What excites you the most about your book?

The fact that it seems to excite others to want to come and experience another side to this wonderful country, with its aesthetic beauty and kind hearted people.   Lovers of Greece had left me reviews and / or emailed me personally to thank me for what I’ve written and for showing the humane side.  Greeks have thanked me for showing their country in a different light and for understanding their quirks.  It excites me to feel I can offer this to my adopted countrymen: make a difference to the way people view Greece, at least to the small percentage of people who read and like my book enough to want to explore more.

Anything else you’d like to share with us?

Girl Gone Greek is a humorous fictional, yet honest account of one woman’s experience in a small Greek village. The Greek people encountered every day in this country are enough to write a novel in itself! Drama is originally a Greek word – and there is enough drama in Greece to write many novels, even non-fiction!  But the Greeks know how to survive, and with it, offer philotimo (not a word, but a concept, meaning offering friendship to strangers).

I hope you’re encouraged to visit Greece and create your own Greek story.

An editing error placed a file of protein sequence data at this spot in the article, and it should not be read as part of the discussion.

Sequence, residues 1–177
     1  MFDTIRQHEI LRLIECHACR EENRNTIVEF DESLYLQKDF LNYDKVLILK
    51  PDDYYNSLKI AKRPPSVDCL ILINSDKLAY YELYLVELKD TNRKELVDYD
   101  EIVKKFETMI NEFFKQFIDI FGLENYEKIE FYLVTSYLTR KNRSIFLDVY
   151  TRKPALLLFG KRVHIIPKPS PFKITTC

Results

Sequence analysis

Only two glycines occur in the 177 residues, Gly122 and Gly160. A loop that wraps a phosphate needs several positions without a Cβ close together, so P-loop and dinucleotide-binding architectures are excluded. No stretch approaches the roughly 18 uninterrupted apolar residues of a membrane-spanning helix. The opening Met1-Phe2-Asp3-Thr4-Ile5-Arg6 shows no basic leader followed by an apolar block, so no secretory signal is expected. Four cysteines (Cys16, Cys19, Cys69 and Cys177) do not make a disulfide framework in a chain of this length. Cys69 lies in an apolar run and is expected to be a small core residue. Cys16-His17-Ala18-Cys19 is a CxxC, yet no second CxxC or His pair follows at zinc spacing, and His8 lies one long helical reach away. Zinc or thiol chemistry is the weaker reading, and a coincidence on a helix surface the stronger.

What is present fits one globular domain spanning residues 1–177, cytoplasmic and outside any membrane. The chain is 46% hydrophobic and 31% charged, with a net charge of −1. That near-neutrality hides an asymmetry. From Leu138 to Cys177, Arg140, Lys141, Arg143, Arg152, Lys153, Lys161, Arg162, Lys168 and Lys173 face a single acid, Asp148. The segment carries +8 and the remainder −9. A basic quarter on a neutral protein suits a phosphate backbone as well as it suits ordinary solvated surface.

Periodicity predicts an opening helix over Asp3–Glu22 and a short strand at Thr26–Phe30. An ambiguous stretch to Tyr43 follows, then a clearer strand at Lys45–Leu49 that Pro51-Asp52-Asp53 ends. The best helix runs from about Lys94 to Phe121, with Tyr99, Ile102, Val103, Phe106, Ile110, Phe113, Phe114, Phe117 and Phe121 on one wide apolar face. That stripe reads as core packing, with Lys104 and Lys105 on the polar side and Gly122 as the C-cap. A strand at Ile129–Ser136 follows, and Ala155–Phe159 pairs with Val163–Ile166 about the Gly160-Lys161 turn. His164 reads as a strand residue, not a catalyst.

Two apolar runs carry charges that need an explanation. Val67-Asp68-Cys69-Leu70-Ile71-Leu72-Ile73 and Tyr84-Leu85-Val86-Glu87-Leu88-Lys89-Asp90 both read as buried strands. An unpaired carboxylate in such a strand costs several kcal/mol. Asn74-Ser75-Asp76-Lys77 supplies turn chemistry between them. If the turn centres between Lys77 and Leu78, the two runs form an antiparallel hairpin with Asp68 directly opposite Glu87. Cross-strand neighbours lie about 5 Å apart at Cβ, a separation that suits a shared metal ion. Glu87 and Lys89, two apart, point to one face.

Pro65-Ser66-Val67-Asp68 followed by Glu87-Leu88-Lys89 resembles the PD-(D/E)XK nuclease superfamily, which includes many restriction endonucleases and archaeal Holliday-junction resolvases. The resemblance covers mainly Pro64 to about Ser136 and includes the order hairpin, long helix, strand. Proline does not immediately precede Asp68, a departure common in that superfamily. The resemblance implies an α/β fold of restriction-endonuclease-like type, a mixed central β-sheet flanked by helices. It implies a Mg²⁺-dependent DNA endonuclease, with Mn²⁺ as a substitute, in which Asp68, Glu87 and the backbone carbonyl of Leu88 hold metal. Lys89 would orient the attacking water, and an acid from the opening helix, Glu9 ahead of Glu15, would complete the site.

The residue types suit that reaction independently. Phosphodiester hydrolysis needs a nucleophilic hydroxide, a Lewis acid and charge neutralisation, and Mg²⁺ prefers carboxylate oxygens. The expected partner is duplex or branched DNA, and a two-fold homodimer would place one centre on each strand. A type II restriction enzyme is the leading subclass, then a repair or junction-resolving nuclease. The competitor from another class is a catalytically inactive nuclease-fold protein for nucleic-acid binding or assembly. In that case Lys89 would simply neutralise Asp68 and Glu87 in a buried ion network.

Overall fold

***

Links

Website: www.lifebeyondbordersblog.com

Facebook: www.facebook.com/AuthorRebeccaAHall

Facebook: www.facebook.com/LifeBeyondBordersBlog

Twitter: www.twitter.com/BeyondBex

Instagram: www.instagram.com/BeyondBex

Google +: https://plus.google.com/+BexHall

Pinterest: www.pinterest.com/BeyondBex

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Bio

Girl Gone Greek is Rebecca Hall’s debut Contemporary Women’s Fiction Novel – available on Amazon.

After extensive global travels, Rebecca left the UK to return to the country she fell in love with—Greece, where she teaches English, writes and wryly observes that the chaotic nature of her adopted country actually suits her personality very well. All travel experiences, & particularly living in versatile cultures, have helped to shape who she is today. She is a Rough Guide co-author (Greece & The Greek Islands and Portugal) and has contributed to numerous publications including Apollo Business Class Magazine for Cyprus Airways and Let’s Go for RyanAir, the Daily Telegraph Travel Section and her container ship voyage from Athens to Hong Kong caught the eye of NPR National Radio in the United States, where she was interviewed twice.

When not writing, you’ll usually find her drinking coffee with friends, or sourcing a new place to eat baklava.

***

Many thanks Rebecca. Excellent interview.

If you are in the South West, and want to meet Rebecca in person, she will be talking at this year’s Tiverton Literary Festival (8th-12th June)- details coming soon.

Happy reading everyone,

Jenny x